Light: South [filtered], East windows; full West and North.

Water: depending on the size of the pot, every 5–10 days. Don’t allow to dry out completely [they are tough and forgiving, too].

Fertilize: 20-20-20 orchid formula lightly every two months; repeat: light feeders.

When bloom is finished: cut stem down to the bottom.

Miltonia’s have lush velvety flowers, looking a bit like pansies. They release a scent reminiscent of a Casablanca lily in the early mornings and evenings. These are good houseplants, disliking high heat in summer. They last 4–8 weeks in a cool room [70-75F]. They get floppy if allowed to dry out too often, or if it’s too hot.

Light: South [filtered], East windows; full West and North.

Water: depending on the size of the pot, every 5–10 days. Leave a bit of water in the saucer.

Fertilize: 20-20-20 orchid formula once a month.

When bloom is finished: cut the spike down to the bottom.

Orchids needing More Light
Dendrobiums have fascinating color combinations: from acid green with red lips to pure white. They come in short and standard heights; I can special order 6 to 7 foot tall ones. Once flowers are spent, they need bright light to re-bloom.

Light: South [filtered], East windows; full West and North.

Water: depending on the size of the pot, every 6–12 days. Allow a few days to dry out.

Fertilize: 20-20-20 orchid formula once a month.

When bloom is finished: cut the spike down to the bottom.

Oncidiums & Intergenerics are a huge group of orchids, stunning in their variety. These are also good and long lasting houseplants, many capable of blooming twice a year. Once flowers are spent, they need bright light to re-bloom.

Light: South [filtered], East windows; full West and North.

Water: depending on the size of the pot, every 6–12 days. Allow a few days to dry out.

Fertilize: 20-20-20 orchid formula once a month.

When bloom is finished: cut the spike down to the bottom.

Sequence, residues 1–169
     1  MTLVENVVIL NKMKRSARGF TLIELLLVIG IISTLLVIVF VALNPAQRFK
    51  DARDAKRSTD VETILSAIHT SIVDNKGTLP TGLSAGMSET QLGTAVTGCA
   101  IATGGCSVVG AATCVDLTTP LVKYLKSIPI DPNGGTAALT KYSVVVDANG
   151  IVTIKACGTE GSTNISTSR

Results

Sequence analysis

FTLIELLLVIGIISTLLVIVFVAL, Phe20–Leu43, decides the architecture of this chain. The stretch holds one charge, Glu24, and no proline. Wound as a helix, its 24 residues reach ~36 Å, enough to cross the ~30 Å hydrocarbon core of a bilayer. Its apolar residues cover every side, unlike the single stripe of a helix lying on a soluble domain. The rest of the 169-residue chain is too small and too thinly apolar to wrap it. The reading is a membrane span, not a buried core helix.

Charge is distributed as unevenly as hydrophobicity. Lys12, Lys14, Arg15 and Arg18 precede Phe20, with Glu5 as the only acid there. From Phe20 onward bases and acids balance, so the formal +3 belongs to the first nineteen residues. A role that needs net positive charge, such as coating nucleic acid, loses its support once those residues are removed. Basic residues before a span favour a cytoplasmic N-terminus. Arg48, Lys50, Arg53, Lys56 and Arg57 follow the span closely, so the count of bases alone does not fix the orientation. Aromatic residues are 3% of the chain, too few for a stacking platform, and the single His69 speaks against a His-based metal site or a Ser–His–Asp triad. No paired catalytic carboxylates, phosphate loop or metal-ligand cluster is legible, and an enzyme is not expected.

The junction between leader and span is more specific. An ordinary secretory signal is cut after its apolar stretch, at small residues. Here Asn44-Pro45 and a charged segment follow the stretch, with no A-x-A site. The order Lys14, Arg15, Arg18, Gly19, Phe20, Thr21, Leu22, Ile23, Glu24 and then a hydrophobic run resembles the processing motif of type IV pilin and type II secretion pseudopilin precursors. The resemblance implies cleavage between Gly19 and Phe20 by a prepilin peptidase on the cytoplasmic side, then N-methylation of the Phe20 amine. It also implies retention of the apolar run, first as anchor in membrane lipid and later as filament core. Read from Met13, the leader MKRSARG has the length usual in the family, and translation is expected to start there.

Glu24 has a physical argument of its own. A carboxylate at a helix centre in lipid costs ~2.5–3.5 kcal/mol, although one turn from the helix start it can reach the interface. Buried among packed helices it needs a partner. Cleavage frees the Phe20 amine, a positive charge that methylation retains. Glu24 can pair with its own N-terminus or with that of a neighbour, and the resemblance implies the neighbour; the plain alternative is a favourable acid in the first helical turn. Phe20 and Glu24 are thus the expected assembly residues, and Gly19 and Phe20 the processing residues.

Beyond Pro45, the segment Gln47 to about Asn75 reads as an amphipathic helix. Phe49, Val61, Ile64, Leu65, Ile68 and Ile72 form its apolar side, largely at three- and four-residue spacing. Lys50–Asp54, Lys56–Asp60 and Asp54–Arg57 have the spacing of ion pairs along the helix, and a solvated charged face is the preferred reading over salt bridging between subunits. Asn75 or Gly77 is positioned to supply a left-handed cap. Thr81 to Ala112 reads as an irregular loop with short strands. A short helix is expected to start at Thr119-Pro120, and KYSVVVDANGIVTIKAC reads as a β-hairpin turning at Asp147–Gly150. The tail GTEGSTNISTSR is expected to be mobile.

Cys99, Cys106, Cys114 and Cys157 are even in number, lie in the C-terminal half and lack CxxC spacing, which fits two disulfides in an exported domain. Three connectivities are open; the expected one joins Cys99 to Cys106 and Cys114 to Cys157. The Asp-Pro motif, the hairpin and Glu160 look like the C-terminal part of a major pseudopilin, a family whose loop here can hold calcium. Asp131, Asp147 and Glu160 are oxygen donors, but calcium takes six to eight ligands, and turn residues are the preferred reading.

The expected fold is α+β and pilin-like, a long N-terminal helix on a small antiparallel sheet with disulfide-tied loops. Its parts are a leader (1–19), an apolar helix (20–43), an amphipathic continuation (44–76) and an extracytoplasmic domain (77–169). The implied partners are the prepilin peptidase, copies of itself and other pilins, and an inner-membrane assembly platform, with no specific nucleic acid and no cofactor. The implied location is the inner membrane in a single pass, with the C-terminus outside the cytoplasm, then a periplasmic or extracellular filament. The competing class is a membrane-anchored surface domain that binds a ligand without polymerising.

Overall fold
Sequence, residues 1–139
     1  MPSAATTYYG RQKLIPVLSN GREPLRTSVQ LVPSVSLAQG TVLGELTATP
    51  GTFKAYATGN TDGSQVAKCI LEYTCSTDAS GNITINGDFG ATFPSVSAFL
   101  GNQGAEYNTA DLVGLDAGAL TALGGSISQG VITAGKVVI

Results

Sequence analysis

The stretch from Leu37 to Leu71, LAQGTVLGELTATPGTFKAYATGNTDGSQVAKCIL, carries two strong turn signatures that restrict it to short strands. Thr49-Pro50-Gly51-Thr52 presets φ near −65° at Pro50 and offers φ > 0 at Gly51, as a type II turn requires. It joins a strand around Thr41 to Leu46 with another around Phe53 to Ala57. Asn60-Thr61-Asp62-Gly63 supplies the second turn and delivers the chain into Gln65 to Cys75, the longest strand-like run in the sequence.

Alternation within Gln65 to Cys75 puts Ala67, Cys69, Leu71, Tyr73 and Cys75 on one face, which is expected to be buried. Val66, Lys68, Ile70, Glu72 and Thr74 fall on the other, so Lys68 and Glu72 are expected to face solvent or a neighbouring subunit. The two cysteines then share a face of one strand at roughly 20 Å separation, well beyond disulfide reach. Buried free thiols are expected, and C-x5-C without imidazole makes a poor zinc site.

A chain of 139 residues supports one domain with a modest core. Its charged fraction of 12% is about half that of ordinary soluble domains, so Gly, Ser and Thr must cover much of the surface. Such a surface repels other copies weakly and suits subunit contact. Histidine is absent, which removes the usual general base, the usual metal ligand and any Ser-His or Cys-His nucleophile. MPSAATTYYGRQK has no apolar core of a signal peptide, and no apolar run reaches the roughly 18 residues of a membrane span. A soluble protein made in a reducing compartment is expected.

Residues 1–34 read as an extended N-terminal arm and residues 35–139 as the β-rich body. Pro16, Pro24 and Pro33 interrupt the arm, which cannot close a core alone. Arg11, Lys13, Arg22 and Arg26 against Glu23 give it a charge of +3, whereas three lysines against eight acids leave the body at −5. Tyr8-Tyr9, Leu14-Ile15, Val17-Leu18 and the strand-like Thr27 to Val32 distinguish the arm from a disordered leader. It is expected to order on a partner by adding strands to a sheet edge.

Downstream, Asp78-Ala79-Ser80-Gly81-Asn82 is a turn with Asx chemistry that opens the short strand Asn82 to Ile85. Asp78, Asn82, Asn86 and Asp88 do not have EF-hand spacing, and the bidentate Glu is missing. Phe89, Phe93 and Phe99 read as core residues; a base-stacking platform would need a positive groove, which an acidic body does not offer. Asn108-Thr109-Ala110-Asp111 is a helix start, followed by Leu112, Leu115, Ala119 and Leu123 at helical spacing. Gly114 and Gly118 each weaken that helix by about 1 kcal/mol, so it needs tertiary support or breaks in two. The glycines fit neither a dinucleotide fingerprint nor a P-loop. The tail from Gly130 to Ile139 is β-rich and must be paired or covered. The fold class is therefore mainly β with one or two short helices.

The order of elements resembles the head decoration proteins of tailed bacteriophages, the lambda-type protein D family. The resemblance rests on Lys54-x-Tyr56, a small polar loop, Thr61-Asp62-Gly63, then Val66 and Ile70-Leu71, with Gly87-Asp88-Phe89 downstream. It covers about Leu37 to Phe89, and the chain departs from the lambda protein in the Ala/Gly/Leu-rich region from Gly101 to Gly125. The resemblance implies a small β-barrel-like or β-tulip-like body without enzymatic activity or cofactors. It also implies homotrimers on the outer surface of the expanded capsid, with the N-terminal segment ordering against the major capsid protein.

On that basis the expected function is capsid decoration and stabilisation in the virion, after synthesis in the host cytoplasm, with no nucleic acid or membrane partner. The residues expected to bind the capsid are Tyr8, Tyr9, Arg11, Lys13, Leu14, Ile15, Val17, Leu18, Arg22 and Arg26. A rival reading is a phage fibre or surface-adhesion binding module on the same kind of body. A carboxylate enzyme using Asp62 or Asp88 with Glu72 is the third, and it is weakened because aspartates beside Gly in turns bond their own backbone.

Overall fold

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Orchids needing More Light and Fertilizer
Vanda’s strap-like symmetrical foliage and brilliant blooms are striking and exotic. They need more light and a bit more fertilizer to carry their color, will bloom twice a year if happy. Keep evenly moist and well fed; suggestion: fill a spray bottle and give them a couple of spritzs daily.

Light: South [filtered], East windows; full West and North.

Water: twice a week and spritz daily.

Fertilize: 20-20-20 orchid formula every 2 weeks.

When bloom is finished: cut the spike down to the bottom. Move to filtered South or full East window, if possible.

Cymbidiums start to show up in October in miniature, medium, and standard sizes—great plants for the winter holidays. They, too, will bloom for many months like the Phalaenopsis, Dendrobiums, lady’s slippers, and other houseplants. They are tight in their pots, so leave a bit of water in their saucers. Remember—they’re big plants, with big foliage—they get thirsty in our overheated homes. They don’t like to dry out.

Light: South [filtered], East windows; full West and North.

Water: twice a week, leaving some water in their saucers. Keep away from drafts, heaters, fireplaces. Some air circulation helps.

Fertilize: 20-20-20 orchid formula every two weeks.

When bloom is finished: cut spikes back to the bottom.

To re-bloom: repot in one size larger pot; when weather warms up, put outdoors under a tree or on a porch to rest without fertilizer. Toward the beginning of September, step up watering and begin fertilizing; bring indoors when temperature starts dipping down into the 50s; switch to 10-30-20 “bloom booster” fertilizer.